Collaboration by Design – Part 1: The role of spaces in teaching and learning design-led thinking

Teaching spaces have not evolved much over the past 50 years. As we prepare students for the new world of work at the Hasso Plattner d-school Afrika, we’ve begun considering the environments that students need – and want to – learn in.

It’s been just over a year since the HPI d-school building on UCT’s middle campus became home to the Hasso Plattner d-school Afrika. The new building has been purposefully designed to leverage the power of space (in both its architecture and interior design) in fostering collaboration, creativity, and innovation.

The building features radically flexible learning spaces where we can experiment and collaborate with the students to both understand and allow for the emergence of what future learning spaces could look like, and become.

In this context, space is the classroom, location, and physical geography in which teaching and learning happens. As a result and according to the Stanford, space “can shape behaviour. When it comes to inspiring creativity, a student’s relationship to their physical environment is paramount.”

Design-led thinking’s relationship with space 

If the goal with a space is to embed a behaviour or enhance an activity, we need to see spaces as laboratories that are purposely designed to enable this. At the d-school Afrika, for example, we view the spaces as laboratories that have been carefully designed to drive the creative and collaborative behaviour that we want students to experience and ultimately, practise.

Consider traditional laboratories in universities, specifically at science faculties: all the equipment, furniture and space has been purposefully designed to drive knowledge development and practice in that field.

The same is relevant for design-thinking spaces like the d-school however, the focus is on driving innovation and co-creation.

At the d-school building this was taken a step further. For example, the various studios in the building are open plan and serve as a blank canvas that invites users to create their desired experimental setup for a given challenge they’re aiming to solve. The building also features interchangeable rooms that can either be used as a large workspace or split into two separate working spaces.

In addition, all the furniture and equipment (e.g., whiteboards, TVs, etc.) in the building are mobile – on actual wheels – and can be arranged fit for the user’s purposes. This affords teams the freedom to create and recreate the space for each collaboration session.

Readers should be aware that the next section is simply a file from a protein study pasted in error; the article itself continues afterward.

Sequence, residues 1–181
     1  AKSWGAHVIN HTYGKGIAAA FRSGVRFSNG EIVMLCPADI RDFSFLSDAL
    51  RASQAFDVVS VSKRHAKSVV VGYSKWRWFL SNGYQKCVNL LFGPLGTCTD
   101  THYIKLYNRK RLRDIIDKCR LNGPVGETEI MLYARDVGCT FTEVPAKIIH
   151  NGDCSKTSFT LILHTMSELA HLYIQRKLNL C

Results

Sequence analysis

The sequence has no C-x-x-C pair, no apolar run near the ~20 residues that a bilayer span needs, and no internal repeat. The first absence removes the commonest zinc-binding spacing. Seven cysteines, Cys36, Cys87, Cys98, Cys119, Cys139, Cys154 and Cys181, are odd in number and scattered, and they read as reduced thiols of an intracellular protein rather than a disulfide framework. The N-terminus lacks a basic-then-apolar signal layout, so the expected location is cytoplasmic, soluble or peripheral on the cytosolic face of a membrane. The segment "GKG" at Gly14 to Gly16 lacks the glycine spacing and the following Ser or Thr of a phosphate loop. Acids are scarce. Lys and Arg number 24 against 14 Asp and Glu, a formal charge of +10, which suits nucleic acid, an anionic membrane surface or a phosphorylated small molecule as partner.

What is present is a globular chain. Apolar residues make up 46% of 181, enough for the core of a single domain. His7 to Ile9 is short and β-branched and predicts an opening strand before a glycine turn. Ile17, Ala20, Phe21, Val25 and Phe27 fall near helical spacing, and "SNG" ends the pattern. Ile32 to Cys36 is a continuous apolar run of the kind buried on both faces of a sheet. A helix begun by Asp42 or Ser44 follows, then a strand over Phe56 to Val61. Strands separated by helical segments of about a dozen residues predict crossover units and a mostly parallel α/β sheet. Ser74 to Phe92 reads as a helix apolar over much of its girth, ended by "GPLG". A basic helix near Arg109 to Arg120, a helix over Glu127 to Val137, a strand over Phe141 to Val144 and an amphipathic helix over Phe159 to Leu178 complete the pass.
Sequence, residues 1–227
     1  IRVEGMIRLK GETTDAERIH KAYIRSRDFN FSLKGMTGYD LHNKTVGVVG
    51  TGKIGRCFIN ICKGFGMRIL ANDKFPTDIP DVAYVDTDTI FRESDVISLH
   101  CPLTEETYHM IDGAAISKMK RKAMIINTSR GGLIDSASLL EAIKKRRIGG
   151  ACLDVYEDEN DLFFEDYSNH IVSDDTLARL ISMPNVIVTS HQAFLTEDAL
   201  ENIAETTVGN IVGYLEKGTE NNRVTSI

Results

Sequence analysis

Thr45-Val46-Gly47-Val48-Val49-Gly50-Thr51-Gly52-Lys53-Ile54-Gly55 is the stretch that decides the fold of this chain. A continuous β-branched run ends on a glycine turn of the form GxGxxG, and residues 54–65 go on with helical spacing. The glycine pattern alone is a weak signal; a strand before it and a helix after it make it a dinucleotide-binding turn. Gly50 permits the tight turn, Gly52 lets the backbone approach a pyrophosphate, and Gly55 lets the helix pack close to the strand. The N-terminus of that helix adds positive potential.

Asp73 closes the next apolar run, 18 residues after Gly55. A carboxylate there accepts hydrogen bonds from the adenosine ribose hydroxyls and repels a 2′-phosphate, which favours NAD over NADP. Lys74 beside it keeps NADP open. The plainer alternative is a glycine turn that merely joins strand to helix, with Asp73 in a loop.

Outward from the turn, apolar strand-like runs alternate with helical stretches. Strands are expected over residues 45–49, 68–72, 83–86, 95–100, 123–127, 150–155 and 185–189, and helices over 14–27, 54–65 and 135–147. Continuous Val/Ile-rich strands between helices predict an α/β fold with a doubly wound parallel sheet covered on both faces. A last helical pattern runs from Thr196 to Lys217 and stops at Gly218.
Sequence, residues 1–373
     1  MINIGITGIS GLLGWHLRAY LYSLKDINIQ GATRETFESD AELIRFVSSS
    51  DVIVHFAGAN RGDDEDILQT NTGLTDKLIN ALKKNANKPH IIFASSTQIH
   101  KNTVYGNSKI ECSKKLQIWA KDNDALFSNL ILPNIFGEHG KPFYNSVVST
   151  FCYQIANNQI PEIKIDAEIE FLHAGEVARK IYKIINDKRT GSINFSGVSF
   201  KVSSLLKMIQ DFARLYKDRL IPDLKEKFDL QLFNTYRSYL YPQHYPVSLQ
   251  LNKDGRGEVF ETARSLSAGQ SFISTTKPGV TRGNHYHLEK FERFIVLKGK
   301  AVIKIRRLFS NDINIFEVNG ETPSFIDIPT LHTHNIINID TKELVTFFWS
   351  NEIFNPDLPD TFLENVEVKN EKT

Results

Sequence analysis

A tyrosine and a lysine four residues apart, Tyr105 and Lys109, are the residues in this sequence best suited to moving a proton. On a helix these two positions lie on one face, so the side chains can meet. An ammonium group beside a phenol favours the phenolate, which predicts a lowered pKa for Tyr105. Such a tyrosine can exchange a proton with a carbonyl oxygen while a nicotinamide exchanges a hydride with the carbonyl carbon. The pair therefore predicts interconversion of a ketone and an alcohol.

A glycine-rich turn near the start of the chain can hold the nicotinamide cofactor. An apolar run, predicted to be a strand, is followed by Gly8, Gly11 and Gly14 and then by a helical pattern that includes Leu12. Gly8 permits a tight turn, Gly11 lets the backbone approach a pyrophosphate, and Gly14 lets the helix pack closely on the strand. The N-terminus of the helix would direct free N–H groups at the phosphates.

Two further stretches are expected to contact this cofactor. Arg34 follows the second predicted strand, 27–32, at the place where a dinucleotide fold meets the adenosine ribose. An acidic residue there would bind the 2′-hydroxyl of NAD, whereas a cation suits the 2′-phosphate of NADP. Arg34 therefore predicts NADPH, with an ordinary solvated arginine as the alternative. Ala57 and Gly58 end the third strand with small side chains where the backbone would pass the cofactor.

This freedom of mobility in itself also contributes to deeper collaboration, creativity, and innovation in the teams using the space.

How Design Thinking principles can be incorporated to create spaces that foster innovation 

Jonathan Ray, partner at KMH and lead architect for the d-school building explains that architects, as an example, understand how the various characteristics of any given space – from its size, proportion, materiality, lighting and acoustics, to how open or closed it is – help determine a space’s overall character.

“But this is only half the story,” he says “Spaces come to life and have meaning through their occupants and when they are in use. So, to a certain extent, every building is different and the designer needs to understand both the collective culture of the building’s occupants and what they want to achieve in order to make successful spaces that foster a particular type of response.”

According to Jonathan, KMH found design-thinking principles and methods an extremely useful way to construct a deep and nuanced shared vision for a project such as the d-school building.

“We’ve successfully used these tools on another education-sector project,” he says “and it yielded a similar result to what we experienced with the d-school, in particular the sense of ownership and common purpose for everyone involved in the project, including the client.”

Using teams in an organisation as a further example of this practice, there is no one-size-fits all approach because every organisation is different. There will certainly be an element of exploration and experimentation to find out what works best for your teams.

However, there is an underlying principle that space alone will not drive innovation and co-creation.

Design-led Thinking should rather be viewed as an ecosystem consisting of a unique space (or laboratory), a structured process or activity within that space, and the diversity of people who are engaged within that space.

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